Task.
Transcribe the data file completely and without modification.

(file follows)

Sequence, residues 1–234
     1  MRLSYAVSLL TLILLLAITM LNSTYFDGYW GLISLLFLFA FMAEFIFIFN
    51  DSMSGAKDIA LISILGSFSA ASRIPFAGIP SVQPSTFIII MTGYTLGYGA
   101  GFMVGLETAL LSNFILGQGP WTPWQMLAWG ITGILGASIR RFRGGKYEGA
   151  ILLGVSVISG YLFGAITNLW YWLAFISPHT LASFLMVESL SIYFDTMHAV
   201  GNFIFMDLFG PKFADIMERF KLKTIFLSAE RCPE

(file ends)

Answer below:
Sequence, residues 1–234
     1  MRLSYAVSLL TLILLLAITM LNSTYFDGYW GLISLLFLFA FMAEFIFIFN
    51  DSMSGAKDIA LISILGSFSA ASRIPFAGIP SVQPSTFIII MTGYTLGYGA
   101  GFMVGLETAL LSNFILGQGP WTPWQMLAWG ITGILGASIR RFRGGKYEGA
   151  ILLGVSVISG YLFGAITNLW YWLAFISPHT LASFLMVESL SIYFDTMHAV
   201  GNFIFMDLFG PKFADIMERF KLKTIFLSAE RCPE